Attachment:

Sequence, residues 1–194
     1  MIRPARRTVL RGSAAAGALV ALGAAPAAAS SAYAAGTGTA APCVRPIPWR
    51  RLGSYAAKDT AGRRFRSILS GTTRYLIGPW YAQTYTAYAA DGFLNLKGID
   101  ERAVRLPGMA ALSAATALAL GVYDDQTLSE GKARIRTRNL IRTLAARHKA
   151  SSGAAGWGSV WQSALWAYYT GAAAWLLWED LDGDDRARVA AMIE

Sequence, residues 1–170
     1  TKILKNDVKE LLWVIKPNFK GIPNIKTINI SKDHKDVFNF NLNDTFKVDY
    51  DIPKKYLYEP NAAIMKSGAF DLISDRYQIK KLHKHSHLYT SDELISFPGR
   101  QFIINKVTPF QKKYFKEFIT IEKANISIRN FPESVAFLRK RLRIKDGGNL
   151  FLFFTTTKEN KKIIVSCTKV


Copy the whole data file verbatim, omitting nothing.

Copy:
Sequence, residues 1–194
     1  MIRPARRTVL RGSAAAGALV ALGAAPAAAS SAYAAGTGTA APCVRPIPWR
    51  RLGSYAAKDT AGRRFRSILS GTTRYLIGPW YAQTYTAYAA DGFLNLKGID
   101  ERAVRLPGMA ALSAATALAL GVYDDQTLSE GKARIRTRNL IRTLAARHKA
   151  SSGAAGWGSV WQSALWAYYT GAAAWLLWED LDGDDRARVA AMIE

Sequence, residues 1–170
     1  TKILKNDVKE LLWVIKPNFK GIPNIKTINI SKDHKDVFNF NLNDTFKVDY
    51  DIPKKYLYEP NAAIMKSGAF DLISDRYQIK KLHKHSHLYT SDELISFPGR
   101  QFIINKVTPF QKKYFKEFIT IEKANISIRN FPESVAFLRK RLRIKDGGNL
   151  FLFFTTTKEN KKIIVSCTKV